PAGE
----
SYDNEY, Nov 16 (Reuters) - Commonwealth Bank of Australia easily overcame a protest vote against executive remuneration and board appointments at an annual general meeting on Thursday, as it struggles to rebuild its reputation after a series of scandals.
The remuneration report gained 91.4 percent support, lower than the near-unanimous result most large Australian companies get for that item, but enough to protect the A$142 billion ($108 billion) lender from a mandatory board spill.
Shareholders also supported the appointment of four directors to the board of Australia’s biggest company, although one of the nominees won only 84 percent of the vote, in a sign of shareholder dissatisfaction.
“Most of your executives ... are on A$1 million plus,” said Rodney Jeffrey, one of dozens of shareholders to speak at the three-hour meeting.
“Why should there be an incentive system at all? Aren’t people committed to a company on that salary?”
The meeting was being watched for signs of a shareholder revolt after a year in which CommBank faced two lawsuits and two investigations over allegations of breaching anti-money-laundering and terror-financing rules.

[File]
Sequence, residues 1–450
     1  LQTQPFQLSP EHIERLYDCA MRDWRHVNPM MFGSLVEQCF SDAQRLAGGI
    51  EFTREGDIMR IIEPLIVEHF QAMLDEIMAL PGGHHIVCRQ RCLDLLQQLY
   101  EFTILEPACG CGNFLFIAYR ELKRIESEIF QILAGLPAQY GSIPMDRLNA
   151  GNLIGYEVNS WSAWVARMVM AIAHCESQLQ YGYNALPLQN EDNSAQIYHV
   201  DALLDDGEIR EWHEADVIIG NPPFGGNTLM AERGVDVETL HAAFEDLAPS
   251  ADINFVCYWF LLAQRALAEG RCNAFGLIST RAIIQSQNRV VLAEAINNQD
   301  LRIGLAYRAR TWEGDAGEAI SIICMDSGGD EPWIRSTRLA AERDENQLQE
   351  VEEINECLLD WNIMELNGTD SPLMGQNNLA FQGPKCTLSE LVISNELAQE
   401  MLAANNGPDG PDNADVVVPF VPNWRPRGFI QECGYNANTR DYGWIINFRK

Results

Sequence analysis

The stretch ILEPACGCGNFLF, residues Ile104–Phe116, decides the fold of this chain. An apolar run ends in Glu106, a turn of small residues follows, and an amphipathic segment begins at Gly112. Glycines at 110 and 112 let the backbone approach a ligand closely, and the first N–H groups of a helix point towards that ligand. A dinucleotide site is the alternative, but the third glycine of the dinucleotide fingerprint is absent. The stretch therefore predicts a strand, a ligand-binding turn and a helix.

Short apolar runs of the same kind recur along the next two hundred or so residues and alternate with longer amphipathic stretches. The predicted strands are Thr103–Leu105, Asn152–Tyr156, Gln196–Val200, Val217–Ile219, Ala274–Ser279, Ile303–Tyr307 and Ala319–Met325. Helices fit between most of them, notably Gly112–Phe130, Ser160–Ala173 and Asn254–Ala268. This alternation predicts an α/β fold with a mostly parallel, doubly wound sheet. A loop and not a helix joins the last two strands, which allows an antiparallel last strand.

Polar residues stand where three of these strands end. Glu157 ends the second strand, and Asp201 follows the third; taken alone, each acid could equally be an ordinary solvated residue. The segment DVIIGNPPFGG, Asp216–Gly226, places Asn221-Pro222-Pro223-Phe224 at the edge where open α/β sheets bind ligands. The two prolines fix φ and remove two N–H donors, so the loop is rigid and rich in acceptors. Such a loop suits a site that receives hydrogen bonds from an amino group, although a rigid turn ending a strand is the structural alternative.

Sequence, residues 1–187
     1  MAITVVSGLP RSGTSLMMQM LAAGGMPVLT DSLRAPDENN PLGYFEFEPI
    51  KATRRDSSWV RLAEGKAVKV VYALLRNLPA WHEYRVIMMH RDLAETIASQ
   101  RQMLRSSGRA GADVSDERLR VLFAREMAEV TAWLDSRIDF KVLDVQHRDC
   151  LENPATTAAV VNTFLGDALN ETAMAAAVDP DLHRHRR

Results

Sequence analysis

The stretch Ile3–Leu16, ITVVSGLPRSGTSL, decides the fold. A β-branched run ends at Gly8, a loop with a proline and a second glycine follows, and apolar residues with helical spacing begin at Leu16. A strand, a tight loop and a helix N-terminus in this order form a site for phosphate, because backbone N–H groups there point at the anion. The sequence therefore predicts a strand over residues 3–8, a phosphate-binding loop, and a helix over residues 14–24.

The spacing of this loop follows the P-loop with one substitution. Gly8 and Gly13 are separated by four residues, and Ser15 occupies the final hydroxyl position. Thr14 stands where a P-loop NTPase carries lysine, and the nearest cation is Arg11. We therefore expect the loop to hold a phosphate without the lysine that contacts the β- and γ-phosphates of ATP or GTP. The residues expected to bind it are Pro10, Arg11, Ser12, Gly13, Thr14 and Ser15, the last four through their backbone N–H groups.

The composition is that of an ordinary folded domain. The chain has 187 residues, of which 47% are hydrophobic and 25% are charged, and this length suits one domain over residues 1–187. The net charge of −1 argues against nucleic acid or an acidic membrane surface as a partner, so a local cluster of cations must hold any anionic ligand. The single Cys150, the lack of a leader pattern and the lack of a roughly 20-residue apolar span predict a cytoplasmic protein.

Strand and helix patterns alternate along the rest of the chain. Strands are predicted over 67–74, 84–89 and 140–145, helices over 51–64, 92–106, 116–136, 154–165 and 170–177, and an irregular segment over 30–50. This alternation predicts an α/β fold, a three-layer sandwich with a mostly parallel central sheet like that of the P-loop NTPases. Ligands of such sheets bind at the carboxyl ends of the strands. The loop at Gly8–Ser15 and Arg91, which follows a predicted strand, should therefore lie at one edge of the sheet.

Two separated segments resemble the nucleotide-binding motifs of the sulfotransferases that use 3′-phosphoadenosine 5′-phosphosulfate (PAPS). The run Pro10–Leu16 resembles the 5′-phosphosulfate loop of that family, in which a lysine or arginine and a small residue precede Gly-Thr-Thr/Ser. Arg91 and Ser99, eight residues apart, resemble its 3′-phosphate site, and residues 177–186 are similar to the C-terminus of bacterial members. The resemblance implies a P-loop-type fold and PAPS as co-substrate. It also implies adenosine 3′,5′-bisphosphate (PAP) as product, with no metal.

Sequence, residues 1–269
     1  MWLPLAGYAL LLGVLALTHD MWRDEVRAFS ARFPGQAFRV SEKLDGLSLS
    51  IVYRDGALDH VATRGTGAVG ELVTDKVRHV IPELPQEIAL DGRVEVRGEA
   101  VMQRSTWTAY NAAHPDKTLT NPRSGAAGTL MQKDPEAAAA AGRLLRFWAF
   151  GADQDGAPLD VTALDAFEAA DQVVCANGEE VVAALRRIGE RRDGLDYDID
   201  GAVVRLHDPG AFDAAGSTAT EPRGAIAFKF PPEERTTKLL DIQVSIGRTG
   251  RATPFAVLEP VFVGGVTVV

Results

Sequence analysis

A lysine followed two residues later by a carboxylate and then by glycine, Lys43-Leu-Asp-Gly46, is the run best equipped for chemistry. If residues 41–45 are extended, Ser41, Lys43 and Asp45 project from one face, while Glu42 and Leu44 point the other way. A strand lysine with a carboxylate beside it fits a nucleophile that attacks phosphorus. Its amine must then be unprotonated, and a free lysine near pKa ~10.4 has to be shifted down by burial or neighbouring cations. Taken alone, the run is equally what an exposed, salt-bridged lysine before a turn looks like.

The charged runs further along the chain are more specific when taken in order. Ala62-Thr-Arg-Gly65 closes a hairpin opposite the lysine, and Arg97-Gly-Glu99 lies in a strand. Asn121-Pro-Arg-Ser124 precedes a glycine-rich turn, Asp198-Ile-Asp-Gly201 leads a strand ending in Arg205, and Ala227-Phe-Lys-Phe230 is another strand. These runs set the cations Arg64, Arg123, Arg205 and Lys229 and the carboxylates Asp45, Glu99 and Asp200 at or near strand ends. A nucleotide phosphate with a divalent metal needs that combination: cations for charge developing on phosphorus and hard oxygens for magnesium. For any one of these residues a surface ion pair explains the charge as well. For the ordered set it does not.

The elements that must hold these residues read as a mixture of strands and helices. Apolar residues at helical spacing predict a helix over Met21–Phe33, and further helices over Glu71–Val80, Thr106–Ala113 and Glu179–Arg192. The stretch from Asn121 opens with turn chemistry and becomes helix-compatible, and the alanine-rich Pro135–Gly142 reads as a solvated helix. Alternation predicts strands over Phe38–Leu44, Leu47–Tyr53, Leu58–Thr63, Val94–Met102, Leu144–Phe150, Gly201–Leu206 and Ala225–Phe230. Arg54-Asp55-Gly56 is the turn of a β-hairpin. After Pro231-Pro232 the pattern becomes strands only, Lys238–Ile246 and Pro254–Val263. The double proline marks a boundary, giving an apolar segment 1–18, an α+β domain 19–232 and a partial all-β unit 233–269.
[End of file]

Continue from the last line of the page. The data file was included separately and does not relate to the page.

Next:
The bank’s reputation had already been tarnished in recent years by accusations it cheated people out of life insurance payments and gave customers poor financial advice through its wealth management unit.
CBA responded to the money-laundering allegations by cutting executive bonuses, announcing the departure of Chief Executive Officer Ian Narev and overhauling its board. It says most of the alleged money-laundering breaches were caused by a software glitch, and contests its level of responsibility.
Australia’s corporate and banking regulators have started separate investigations into the bank, and litigation funder IMF Bentham Ltd has filed a shareholder class-action lawsuit.
$1 = 1.3160 Australian dollars Reporting by Paulina Duran; Writing by Byron Kaye; Editing by Stephen Coates